If some of your favorite memories involve outdoor adventures, or if you are looking to create some of these memories with your children, then Reinstein Woods Nature Preserve is the place for you. With five interpretive trails, which are full of information stations and helpful brochures, as well as a handful of other trails, and a bustling Visitor Center, you will run out of time before you run out of things to do. Reinstein has a pretty packed schedule of events with weekly After-School Escapes and different themed-guided tours, so it is easy to find something for everyone.
When I arrived to Reinstein, I signed the visitor log and studied my trail pamphlet carefully. There was the Footprint Trail, which runs through forest and wetland ecosystems and gives examples of how to minimize human impacts on nature. The Lily Pond Loop was another option, where I could walk the shore of Lily Pond and have the opportunity to see the different aquatic wildlife living there. However, I decided to hike the History Trail, a 0.8-mile trail that would transport me back to the beginnings of Reinstein Woods and teach me how it became the serene get-away that it is today.
The sign depicting the beginning of my journey clearly stated no brochures accompanied this trail. The preserve wants you to interact with the trail, and bounce from the informational placards lining the walkway. The placement of these placards also impacts your experience on this trail because they are located in areas where certain events happened. This was one of my favorite parts of the trail, the very whimsical way you were encourage to hike it.
The first sign informed me that the history of this preserve started before I had even pulled into the driveway. I had been driving down Honorine Road, the road constructed to the woods that followed the main route of the Buffalo, Bellevue and Lancaster Railroad and was named after Dr. Victor Reinstein’s first wife, Honorine.
As I continued on the trail, I approached the Secluded Meadow Swamp where I read about how Dr. Reinstein built 19 marshes, swamps and ponds on his 292 acres of land. Further down the path, the trees changed from a mixture of ash, maple and black cherry to a row of towering Norway Spruces. In front of these evergreens I learned that Reinstein planted 40,000 spruces, pines and tamaracks on over 20 percent of the property between 1950 and 1955. These trees were pillars of the dedication Dr. Reinstein had to nature and the wildlife on his property.
As a young man, Dr. Reinstein explored the vacant land he one day would own. He purchased a majority of his estate in 1932, and acquired the additional parcels by 1942. Dr. Reinstein worked tirelessly to alter the land through the creation of ponds, roads and tree plantings. He transformed the land from open fields with shrubby bushes and plants, to a variety of ecosystems attracting wildlife, and the people who wanted to learn about the wildlife. Reinstein was cautious in every decision he made, designing the roadways on his property by only cutting down the newest trees in order to preserve the older ones.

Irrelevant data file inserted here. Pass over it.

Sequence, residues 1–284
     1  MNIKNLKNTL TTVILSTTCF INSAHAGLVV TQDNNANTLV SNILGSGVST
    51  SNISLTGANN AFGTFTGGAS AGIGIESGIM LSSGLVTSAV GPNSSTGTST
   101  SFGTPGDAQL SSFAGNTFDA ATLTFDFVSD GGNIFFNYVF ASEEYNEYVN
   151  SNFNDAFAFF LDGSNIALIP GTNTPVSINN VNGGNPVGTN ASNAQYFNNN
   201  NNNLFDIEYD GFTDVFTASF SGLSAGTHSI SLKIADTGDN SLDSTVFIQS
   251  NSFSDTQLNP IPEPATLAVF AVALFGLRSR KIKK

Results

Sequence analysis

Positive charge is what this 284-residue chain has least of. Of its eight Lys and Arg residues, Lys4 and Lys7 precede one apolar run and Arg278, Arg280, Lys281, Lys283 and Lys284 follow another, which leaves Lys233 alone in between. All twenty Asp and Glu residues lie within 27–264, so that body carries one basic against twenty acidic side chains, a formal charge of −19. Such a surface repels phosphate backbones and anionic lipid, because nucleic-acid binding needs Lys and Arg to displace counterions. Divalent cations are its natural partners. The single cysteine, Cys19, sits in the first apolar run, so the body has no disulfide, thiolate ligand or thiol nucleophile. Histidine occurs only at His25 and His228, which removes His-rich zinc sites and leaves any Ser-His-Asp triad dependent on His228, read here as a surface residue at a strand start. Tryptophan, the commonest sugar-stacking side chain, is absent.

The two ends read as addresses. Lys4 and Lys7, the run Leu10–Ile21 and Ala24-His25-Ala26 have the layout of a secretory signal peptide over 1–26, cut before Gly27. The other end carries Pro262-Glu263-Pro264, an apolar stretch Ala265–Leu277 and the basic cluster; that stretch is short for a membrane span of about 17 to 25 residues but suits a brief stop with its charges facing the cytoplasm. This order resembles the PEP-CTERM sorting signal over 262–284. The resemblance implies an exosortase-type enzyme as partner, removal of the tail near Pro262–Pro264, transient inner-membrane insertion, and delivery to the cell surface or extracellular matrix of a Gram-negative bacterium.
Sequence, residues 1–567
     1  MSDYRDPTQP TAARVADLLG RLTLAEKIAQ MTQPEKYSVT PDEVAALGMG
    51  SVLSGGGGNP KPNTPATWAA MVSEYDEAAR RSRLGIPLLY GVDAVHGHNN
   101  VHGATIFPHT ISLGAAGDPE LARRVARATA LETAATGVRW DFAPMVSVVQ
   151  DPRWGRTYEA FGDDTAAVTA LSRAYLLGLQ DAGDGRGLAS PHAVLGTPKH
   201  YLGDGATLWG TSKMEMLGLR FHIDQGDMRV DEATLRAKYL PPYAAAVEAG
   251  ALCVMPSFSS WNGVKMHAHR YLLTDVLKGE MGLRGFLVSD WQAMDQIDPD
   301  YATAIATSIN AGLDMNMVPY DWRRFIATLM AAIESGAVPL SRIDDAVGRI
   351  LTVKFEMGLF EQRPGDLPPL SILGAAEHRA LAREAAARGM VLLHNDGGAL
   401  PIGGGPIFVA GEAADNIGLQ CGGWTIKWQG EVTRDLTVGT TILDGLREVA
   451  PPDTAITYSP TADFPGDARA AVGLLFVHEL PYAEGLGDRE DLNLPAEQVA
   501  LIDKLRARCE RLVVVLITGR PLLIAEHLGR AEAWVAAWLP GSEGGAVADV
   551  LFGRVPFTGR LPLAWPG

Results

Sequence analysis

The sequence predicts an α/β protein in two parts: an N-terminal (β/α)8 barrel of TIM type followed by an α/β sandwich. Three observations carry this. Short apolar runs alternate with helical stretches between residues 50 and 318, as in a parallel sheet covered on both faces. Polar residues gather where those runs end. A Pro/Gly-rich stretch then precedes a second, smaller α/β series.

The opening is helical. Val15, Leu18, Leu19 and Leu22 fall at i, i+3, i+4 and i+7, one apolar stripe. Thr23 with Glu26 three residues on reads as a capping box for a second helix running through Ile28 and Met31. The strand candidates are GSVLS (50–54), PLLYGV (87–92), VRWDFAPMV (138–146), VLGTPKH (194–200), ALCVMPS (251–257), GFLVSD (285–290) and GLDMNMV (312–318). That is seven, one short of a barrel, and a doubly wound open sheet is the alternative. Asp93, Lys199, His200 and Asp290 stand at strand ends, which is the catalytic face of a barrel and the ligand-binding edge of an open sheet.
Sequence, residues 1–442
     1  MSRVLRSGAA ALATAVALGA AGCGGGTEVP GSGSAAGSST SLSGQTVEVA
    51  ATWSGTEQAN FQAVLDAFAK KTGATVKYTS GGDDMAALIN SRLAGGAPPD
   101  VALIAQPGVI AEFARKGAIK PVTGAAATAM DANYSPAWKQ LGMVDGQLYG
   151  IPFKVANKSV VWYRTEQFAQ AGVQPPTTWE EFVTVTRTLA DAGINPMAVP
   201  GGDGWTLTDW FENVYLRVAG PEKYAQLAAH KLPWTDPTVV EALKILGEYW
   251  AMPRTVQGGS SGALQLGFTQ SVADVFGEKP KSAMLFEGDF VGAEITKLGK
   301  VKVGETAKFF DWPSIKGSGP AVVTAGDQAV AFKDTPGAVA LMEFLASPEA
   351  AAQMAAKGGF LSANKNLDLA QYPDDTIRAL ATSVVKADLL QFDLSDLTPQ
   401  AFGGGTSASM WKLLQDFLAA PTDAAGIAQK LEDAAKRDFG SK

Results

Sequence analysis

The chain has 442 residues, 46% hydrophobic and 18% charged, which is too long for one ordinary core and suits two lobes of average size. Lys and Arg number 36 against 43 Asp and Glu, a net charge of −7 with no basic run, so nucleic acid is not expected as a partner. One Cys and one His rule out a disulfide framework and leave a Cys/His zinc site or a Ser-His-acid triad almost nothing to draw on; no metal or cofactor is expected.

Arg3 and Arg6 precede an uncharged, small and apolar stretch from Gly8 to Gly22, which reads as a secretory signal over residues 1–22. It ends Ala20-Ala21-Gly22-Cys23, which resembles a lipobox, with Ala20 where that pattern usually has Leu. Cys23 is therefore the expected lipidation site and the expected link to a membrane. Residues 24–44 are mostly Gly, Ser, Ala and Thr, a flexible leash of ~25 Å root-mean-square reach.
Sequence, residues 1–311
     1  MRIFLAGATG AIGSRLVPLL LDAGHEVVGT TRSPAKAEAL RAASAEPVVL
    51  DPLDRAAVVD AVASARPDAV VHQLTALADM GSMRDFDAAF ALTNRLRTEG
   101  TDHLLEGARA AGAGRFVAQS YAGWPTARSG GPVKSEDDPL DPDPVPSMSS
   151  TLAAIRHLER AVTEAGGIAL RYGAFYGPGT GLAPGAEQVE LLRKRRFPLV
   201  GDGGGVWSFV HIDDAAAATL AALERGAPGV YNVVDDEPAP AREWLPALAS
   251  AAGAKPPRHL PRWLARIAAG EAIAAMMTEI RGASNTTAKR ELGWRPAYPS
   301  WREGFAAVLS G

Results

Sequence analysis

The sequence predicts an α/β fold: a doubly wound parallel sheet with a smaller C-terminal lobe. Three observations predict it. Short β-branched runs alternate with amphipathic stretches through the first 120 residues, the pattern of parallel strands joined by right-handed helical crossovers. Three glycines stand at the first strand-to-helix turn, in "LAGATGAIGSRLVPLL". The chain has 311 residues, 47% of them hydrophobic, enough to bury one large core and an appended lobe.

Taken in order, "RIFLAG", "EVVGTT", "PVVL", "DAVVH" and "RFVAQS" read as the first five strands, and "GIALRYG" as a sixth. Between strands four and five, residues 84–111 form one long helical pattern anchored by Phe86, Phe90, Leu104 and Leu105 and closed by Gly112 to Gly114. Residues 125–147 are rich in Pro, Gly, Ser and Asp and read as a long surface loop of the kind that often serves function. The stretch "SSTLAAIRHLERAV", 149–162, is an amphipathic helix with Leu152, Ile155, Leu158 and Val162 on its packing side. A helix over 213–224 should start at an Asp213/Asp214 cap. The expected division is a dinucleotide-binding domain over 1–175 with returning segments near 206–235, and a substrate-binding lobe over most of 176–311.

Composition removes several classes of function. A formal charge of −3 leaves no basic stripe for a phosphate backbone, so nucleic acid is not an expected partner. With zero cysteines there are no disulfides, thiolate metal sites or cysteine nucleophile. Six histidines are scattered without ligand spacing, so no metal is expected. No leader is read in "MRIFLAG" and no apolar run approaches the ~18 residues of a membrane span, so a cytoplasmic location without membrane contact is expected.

Not only did I get a history lesson on this trail, I got to experience nature first hand. I stumbled upon six large turkeys enjoying an afternoon nap, got into a staring contest with a deer by Flattail Lake, and then watched a heron hunting in one of the marshes. I also learned about the plants of the preserve by browsing through informational packets. Do you know the distinguishing features of a beech tree? Or that purple fruits of the black cherry tree are quite a treat for the birds? I do now.
Believe it or not I did all of this in an hour and a half! The squeaking trees, the whistling reeds and the singing birds made me feel so relaxed, I lost track of time. My retreat to Reinstein Woods was a great way to slow down from the busy life so many of us lead. Instead of worrying about where I had to be next, I was learning the story of the preserve and getting to experience it first hand. This gave me a deep respect for Dr. Reinstein and his family. It is a feeling that is hard to explain, and one I encourage you to go and experience yourself. Grab the kids and take a couple hours to learn some history, sneak up on some wildlife and make a memory at this hidden gem in Depew.
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